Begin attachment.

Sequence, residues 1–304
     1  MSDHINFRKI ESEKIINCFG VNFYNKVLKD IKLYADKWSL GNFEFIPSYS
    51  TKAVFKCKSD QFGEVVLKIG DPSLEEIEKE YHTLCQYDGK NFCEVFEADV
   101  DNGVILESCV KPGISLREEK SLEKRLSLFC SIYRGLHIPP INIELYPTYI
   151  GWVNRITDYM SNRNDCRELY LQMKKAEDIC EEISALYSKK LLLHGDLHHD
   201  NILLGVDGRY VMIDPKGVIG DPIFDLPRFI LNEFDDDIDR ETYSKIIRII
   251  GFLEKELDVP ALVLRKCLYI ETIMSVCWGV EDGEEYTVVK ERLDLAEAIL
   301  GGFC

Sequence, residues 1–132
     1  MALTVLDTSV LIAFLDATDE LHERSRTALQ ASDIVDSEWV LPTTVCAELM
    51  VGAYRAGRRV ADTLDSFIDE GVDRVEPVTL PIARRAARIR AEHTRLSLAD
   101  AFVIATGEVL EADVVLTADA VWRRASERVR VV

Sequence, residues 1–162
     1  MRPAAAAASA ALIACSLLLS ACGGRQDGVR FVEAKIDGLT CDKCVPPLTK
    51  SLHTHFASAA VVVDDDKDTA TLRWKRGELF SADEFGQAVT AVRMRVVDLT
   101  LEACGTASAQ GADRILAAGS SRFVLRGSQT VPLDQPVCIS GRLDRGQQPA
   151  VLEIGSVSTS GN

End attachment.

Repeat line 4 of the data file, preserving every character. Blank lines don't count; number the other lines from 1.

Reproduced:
   101  DNGVILESCV KPGISLREEK SLEKRLSLFC SIYRGLHIPP INIELYPTYI